How to Treat Reflex Sympathetic Dystrophy/Complex Regional Pain Syndrome, RSD/CRPS

A nutritional and lifestyle modification approach as an adjunctive therapy for the treatment of RSD/CRPS….clients report an “overall feeling of well-being.”

I am going to paint some broad strokes to provide a brief overview of some of the modalities that I utilize during a holistic health counseling session. The internet has provided us with the means to have information at our fingertips.

I provide support and guidance to those trying to find their way through what has become the somewhat murky waters of “what to eat.”

RSD/CRPSAn initial session usually lasts about 90 minutes, in which I talk with the client about what is going on in their life, what their life was like before the diagnosis of RSD/CRPS and what it is now. This conversation would fall under the category of “primary food.” Primary food is more than what is on your plate. Healthy relationships, regular physical activity, a fulfilling career and a spiritual practice can fill your soul and satisfy your hunger for life. When primary food is balanced and satiating, your life feeds you, making what you eat secondary.

Once “primary food” is addressed I move on to what clients are actually eating.

For instance, I strongly encourage everyone to move to an organic diet, one rich in nutrient-dense foods. It is very difficult for a person with a healthy immune system to handle the impact of all of the toxins, antibiotics, pesticides, and hormones in the conventional diet. A person with RSD/CRPS really cannot handle the toxic load that comes from eating the Standard American Diet or the SAD diet. Most grocery stores, even the big box stores, have an organic section. Or better yet, start your own little organic garden. It doesn’t have to be an acre, it could start out as a box garden or some herbs on the windowsill; keep it simple.

I strongly encourage the elimination of processed food, sugar and gluten.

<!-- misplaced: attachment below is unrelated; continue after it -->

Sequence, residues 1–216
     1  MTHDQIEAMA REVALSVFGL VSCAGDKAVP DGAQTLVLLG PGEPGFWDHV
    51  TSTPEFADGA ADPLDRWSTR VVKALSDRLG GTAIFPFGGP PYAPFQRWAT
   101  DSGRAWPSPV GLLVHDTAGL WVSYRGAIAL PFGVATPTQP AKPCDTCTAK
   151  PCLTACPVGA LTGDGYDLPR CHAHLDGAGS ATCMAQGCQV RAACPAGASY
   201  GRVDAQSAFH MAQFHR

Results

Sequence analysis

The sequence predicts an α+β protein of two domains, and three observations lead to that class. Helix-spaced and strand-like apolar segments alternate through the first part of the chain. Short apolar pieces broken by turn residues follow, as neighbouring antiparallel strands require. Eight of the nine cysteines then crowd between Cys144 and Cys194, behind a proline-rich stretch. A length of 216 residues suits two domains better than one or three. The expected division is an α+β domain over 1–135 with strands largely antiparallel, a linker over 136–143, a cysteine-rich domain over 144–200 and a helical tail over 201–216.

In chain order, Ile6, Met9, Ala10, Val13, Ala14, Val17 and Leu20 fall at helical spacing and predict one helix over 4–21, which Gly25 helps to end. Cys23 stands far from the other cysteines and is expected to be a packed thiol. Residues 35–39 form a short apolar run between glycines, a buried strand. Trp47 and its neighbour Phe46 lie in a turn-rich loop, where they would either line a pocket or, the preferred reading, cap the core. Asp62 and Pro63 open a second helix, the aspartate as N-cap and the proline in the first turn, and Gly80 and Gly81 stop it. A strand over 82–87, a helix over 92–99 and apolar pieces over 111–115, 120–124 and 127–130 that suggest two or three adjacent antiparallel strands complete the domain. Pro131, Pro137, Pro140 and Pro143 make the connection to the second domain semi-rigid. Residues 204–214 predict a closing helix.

RSD/CRPSI implement a plan called “crowding out.” If you fill your body with healthy, nutrient dense foods, it is only natural that cravings for unhealthy foods will lessen substantially. When you increase your intake of nutritious foods, such as dark leafy greens and healthy fats, your body will have less room for processed, sugary, nutrient-deficient foods. Once you start adding these healthy foods your body will naturally start to crave them. This helps you to avoid feeling deprived and before you know it you are eating a healthy, well-balanced diet, almost without effort. It becomes a lifestyle.

Hydration is very important.

We should be drinking half our body weight in ounces of water. We are 60% water. We need it for our bodies and organs to function properly. You might be surprised by the myriad of symptoms caused by dehydration.

Once we establish some good dietary habits I may introduce some high grade, high-quality vitamins, supplements, protein, and greens powder.

We also cover stress reduction and body movement.

We know that if your stress levels are high then your cortisol level is high which increases pain. There are many modalities for stress reduction, the trick is to find one that works for you and then do it. The same with moving your body. If you have RSD/CRPS you will most likely not be working out at the gym 5 days a week but how about some chair yoga or stretching?

My clients that have been able to slowly implement all the little steps and changes have said they have an “overall feeling of well-being.”

RSD/CRPSThey still have the RSD/CRPS pain but it is more manageable. Because they are hydrated, getting nutrient dense food into their bodies and cells, sleeping better and practicing stress reduction they are better able to handle the curve balls that life inevitably throws at us. Being more grounded and centered allows them to keep their cortisol levels down which decreases their pain.

Diet and lifestyle may not be the whole answer but it certainly is part of the equation.

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Autumn, the year’s last and loveliest smile. ~ William Cullen Bryant